Faith is therefore to be considered as the gift of God, not on acount of its being offered by God to man, to be accepted or rejected at his pleasure ; but because it is in reality conferred, breathed, and infused into him; nor even because God bestows the power or ability to believe, and then expects that man should, by the exercise of his own free will, consent to the terms of salvation, and actually believe in Christ; but because he who works in man both to will and to do, and indeed all things in all, produces both the will to believe, and the act of believing also.

ART. XV.

God is under no obligation to confer this grace upon any ; for how can he be indebted to man, who had no previous gift to bestow, as a foundation for such recompense ? Nay, who has nothing of his own but sin and falsehood ? He therefore who becomes the subject of this grace, owes eternal gratitude to God, and gives him thanks for ever. Whoever is not made partaker thereof, is either altogether regardles of these spiritual gifts, and satisfied with his own condition; or, is in no apprehension of danger, and vainly boasts the possession of that which he has not. With respect to those, who make an external profession of faith, and live regular lives, we are bound after the example of the Apostle to judge and speak of them in the most favourable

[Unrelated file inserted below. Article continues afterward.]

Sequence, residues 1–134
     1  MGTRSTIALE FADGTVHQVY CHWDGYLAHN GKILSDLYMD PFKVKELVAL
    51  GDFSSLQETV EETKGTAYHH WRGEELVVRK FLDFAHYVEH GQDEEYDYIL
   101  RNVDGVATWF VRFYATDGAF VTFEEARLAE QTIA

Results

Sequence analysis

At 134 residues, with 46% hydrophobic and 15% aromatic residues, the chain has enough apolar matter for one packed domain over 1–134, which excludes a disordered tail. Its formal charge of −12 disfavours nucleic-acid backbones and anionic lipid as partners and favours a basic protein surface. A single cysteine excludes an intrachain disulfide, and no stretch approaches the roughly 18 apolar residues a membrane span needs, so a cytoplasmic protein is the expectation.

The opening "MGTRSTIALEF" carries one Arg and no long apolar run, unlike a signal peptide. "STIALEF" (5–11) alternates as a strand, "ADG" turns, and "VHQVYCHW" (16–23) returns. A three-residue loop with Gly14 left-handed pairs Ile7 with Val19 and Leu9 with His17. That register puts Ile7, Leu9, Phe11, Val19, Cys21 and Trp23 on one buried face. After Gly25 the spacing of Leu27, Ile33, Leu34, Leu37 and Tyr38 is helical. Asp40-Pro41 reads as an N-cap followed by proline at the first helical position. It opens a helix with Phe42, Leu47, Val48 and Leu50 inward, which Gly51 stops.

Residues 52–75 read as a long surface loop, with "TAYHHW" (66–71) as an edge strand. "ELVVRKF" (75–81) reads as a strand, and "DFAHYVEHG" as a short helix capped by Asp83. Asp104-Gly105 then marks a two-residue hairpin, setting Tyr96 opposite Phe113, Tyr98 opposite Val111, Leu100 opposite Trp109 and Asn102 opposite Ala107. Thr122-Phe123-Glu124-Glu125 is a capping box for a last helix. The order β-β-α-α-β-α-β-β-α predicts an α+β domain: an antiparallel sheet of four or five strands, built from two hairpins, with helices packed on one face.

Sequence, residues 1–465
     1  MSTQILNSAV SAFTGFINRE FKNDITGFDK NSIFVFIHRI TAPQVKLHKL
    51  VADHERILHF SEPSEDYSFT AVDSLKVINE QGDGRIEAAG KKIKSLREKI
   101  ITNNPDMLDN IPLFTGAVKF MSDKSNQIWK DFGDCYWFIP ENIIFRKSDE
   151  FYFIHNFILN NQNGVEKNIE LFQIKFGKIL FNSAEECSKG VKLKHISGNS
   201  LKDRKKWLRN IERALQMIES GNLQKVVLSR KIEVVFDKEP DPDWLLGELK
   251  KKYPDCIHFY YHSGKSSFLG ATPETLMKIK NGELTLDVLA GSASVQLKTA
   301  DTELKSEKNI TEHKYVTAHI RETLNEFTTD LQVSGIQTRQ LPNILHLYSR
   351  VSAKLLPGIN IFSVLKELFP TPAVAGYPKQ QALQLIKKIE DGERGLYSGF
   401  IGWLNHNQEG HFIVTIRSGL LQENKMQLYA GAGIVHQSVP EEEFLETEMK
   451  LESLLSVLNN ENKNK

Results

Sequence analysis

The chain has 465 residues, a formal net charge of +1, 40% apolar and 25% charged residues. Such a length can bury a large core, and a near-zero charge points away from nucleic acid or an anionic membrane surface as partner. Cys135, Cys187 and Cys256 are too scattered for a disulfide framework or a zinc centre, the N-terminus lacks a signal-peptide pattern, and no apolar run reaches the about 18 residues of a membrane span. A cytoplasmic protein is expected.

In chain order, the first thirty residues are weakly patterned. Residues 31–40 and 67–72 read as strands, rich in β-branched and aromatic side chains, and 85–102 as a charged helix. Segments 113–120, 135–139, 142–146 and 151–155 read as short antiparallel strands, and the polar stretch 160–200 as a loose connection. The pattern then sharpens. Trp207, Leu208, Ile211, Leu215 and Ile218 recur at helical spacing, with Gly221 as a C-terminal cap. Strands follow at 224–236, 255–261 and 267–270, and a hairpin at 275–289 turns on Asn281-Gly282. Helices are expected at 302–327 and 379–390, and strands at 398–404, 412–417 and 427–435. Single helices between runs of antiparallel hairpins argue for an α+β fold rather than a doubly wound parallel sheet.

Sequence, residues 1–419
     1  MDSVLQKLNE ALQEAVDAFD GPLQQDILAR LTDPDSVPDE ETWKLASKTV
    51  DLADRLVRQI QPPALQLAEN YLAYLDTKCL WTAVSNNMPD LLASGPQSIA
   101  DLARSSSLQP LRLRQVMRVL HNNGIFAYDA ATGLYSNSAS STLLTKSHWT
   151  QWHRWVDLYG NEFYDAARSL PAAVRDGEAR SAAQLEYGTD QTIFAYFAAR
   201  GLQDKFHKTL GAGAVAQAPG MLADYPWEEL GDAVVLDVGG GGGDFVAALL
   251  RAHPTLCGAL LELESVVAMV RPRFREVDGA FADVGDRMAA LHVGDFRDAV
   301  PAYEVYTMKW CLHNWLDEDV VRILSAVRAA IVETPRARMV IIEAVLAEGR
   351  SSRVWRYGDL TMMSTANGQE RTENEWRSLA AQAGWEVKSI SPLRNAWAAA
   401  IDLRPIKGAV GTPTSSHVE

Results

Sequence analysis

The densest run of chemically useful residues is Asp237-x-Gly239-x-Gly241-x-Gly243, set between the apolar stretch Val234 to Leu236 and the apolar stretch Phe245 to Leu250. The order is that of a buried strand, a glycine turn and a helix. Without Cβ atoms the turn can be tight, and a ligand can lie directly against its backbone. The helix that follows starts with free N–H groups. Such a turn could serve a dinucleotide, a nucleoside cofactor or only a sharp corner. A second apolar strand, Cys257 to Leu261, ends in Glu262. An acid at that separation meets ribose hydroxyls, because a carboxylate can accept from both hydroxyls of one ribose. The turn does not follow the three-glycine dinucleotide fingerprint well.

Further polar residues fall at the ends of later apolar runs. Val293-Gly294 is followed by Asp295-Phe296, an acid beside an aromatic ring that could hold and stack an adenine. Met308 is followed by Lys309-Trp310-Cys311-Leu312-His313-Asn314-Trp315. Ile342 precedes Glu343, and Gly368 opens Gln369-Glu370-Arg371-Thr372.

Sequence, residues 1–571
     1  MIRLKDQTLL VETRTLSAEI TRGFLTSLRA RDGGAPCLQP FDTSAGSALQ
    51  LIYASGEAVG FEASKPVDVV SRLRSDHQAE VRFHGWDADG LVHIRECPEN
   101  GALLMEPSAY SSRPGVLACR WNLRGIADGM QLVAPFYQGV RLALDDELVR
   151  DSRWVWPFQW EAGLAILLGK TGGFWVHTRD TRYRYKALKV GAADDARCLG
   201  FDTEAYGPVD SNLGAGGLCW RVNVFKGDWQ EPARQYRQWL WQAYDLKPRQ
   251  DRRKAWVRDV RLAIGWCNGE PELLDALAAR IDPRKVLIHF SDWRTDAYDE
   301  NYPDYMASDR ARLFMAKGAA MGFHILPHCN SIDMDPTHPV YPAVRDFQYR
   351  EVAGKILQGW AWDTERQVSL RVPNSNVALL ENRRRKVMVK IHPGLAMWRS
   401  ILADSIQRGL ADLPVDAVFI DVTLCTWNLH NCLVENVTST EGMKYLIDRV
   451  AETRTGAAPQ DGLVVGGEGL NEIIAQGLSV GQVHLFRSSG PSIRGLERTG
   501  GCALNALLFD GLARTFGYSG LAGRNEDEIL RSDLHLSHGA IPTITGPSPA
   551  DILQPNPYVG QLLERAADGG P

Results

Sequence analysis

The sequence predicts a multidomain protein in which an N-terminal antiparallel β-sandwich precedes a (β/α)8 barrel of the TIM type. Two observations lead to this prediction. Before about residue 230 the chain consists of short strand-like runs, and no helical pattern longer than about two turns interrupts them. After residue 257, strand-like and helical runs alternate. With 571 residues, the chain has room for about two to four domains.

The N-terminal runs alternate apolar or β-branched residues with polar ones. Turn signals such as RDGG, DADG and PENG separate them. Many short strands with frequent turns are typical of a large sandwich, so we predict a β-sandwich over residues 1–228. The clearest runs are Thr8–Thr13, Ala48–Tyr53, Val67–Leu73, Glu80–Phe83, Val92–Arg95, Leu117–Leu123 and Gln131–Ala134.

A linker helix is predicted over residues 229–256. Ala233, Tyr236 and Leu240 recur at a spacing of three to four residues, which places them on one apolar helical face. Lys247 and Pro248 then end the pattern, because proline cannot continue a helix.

For the secret recesses of the heart, are unknown to us. And as to others, who have not yet been called, it is our duty to pray for them to God, who calls the things that are not, as if they were. are in no wise to conduct ourselves towards them with haughtiness, as if we had made ourselves to differ.

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ART. XVI.